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Washington (DC): Smithsonian Books, 2013. 100 pages.
Reviewer Daniel J. Glass writes, "Darwin: A Graphic Biography ... is, as its name suggests, a biography of the renowned scientist in graphic novel form, and it can be confidently added to the burgeoning library of such works that can be of great benefit to grade school classrooms learning about science and science history. Darwin: AGB fits the bill exactly; it is fun enough to engage teen readers and can be read in a single sitting, but is also surprisingly deep in terms of biographical and scientific details."
New York: W. W. Norton, 2011. 479 pages.
“This is a terrific book,” writes reviewer Daniel Bedford. “‘The burning question’ examines the history of humanity’s relationship to energy sources, raising the intriguing possibility that we are human partly because of our use of energy, in the form of cooking; ‘Learning while we burn’ is an extensive discussion of climate science and how past climate changes clearly show that carbon dioxide has been ‘the biggest control knob’ of earth’s climate machine over geologic time. Throughout, there is an emphasis on the processes of science and how and why science ultimately produces reliable information.”
New York: Pantheon, 2012. 240 pages.
Global Weirdness, according to reviewer Anne U. Gold, “explains the basic climate system, the greenhouse effect, and the consequences of a changing climate, as well as solutions and adaptation strategies, in sixty simple, easy-to-understand, and concise essays.” While concerned that the audience for the book is not clear, and lamenting the absence of a table of contents and index, Gold recommends it as “an interesting read for readers of all ages and backgrounds,” and describes it as “an important book that helps the climate science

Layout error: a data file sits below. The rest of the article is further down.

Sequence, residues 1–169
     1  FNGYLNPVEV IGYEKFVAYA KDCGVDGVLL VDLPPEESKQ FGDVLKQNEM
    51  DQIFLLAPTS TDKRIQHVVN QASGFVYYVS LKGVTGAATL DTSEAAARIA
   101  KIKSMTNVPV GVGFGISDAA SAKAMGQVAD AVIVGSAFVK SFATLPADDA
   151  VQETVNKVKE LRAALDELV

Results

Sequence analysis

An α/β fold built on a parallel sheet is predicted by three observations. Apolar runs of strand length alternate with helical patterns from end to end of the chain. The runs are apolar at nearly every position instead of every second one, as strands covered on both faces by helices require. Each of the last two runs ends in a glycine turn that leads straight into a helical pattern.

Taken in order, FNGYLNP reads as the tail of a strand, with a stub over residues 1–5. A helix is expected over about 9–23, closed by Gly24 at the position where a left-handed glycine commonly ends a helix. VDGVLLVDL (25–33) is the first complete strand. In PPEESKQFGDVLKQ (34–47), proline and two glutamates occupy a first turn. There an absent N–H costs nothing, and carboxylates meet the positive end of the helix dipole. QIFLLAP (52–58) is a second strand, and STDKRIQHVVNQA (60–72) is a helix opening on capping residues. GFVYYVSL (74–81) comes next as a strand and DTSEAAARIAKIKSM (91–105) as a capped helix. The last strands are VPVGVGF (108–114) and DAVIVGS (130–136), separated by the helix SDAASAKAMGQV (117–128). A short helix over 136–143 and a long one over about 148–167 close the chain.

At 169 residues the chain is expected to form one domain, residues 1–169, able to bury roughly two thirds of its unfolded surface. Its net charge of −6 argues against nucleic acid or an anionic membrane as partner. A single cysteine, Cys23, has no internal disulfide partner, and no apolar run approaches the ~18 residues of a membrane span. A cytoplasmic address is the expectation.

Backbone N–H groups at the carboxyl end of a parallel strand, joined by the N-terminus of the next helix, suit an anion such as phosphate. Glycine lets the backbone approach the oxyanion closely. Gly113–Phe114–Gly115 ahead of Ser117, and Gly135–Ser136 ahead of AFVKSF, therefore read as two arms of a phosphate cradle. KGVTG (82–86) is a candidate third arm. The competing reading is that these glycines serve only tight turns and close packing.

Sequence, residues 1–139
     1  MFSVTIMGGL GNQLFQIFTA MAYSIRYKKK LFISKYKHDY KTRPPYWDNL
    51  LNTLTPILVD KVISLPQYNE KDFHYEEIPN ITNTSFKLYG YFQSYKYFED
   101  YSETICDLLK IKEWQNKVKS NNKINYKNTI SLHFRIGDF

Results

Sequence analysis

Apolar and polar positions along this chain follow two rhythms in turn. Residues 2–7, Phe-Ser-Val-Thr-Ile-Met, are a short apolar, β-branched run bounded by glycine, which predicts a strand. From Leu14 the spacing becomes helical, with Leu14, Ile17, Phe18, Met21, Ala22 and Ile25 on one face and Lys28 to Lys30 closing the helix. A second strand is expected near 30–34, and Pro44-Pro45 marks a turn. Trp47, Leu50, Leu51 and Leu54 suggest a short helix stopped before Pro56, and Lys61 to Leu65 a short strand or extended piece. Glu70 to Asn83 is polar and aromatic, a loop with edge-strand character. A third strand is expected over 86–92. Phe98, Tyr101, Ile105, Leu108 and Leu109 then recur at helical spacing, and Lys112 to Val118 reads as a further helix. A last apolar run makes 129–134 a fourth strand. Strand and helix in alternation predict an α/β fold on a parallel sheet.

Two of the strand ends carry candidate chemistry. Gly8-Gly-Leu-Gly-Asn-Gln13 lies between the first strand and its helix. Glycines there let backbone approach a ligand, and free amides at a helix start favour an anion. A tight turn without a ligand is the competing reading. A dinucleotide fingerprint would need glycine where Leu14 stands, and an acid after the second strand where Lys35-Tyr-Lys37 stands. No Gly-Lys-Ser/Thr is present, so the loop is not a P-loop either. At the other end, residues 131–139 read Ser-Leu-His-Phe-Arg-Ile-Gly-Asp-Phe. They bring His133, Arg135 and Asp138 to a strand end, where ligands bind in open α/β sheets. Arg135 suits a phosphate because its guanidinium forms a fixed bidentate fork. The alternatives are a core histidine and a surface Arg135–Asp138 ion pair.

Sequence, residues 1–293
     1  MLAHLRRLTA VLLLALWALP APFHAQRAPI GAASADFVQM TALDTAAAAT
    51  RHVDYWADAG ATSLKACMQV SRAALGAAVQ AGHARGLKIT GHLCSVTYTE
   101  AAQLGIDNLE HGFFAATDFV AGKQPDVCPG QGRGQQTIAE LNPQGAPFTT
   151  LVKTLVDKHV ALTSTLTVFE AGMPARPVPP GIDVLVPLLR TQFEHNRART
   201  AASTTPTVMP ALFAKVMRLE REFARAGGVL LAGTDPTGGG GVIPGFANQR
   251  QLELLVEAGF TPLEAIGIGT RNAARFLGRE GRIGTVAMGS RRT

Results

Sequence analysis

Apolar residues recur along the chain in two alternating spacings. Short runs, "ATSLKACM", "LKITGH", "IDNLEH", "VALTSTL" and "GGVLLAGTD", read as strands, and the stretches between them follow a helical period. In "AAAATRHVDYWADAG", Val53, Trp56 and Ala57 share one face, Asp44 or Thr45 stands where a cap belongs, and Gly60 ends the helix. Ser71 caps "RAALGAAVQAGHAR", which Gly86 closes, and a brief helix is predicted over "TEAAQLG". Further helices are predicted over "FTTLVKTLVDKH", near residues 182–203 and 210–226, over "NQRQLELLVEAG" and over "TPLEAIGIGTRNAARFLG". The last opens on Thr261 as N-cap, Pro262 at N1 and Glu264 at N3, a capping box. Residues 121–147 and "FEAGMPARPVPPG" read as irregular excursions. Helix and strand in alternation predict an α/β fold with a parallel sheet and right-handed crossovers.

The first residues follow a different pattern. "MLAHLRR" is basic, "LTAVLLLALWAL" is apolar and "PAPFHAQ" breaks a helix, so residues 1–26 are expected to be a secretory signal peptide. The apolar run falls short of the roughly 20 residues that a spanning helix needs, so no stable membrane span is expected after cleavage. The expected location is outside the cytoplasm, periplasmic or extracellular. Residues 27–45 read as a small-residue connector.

Cambridge: Cambridge University Press, 2012. 272 pages.
“Hetherington makes a case for the reality of human-induced climate change and warns of its likely effects on the dominance of the human species on earth today,” reviewer Miriam Belmaker explains. “As if that weren’t enough, she also systematically connects the climate change we are [now] experiencing with the climate changes that have shaped us as a species.” Belmaker recommends Living in a Dangerous Climate to the general reader, but adds “professionals in the field may find the book a bit condensed and lacking in detail.”
New York: Oxford University Press, 2013. 280 pages.
Guzman “thinks the human dimensions of climate change have not been well communicated to the public,” explains reviewer Amy E. Lesen, “and the main thesis of the book is that citizens will not put pressure on political leaders to act on climate change until they understand the real, tangible, and quite dramatic ways climate change will affect human populations.” She concludes, “My greatest hope for this book is that … it does indeed help convince our fellow citizens and leaders that climate change is real and anthropogenic, and requires swift global action.”
New York: Columbia University Press, 2011. 232 pages.
Reviewer John R. Mashey praises The Inquisition of Climate Science as “an excellent, well-written book for the general audience which gives readers a broad view of organized attacks on climate science over the last few decades,” quoting Powell’s conclusion, “‘If deniers can vilify individual scientists and neutralize the field of climate science simply because of ideology and a conspiracy theory, what will be the next field of science—or art, or history, or literature, or medicine...?’” He adds, “Readers new to this topic will find The Inquisition of Climate Science a fine starting point.”
New York: Oxford University Press, 2012. 303 pages.
“Bill McGuire’s main thesis in Waking the Giant is that global climate change will trigger earthquakes, tsunamis, and volcanoes that will add to the major miseries of crop failures, acidification of the ocean, flooding of coastal cities, and unbearable heat over much of the planet. He provides numerous case studies, including those of his own. His conclusions are basically correct,” writes reviewer Norman H. Sleep, who nevertheless complains of McGuire’s qualitative rather than quantitative approach and “concentration on sudden flashy disasters”.
Voices for Evolution
The third edition of Voices for Evolution can be purchased or downloaded at Lulu.com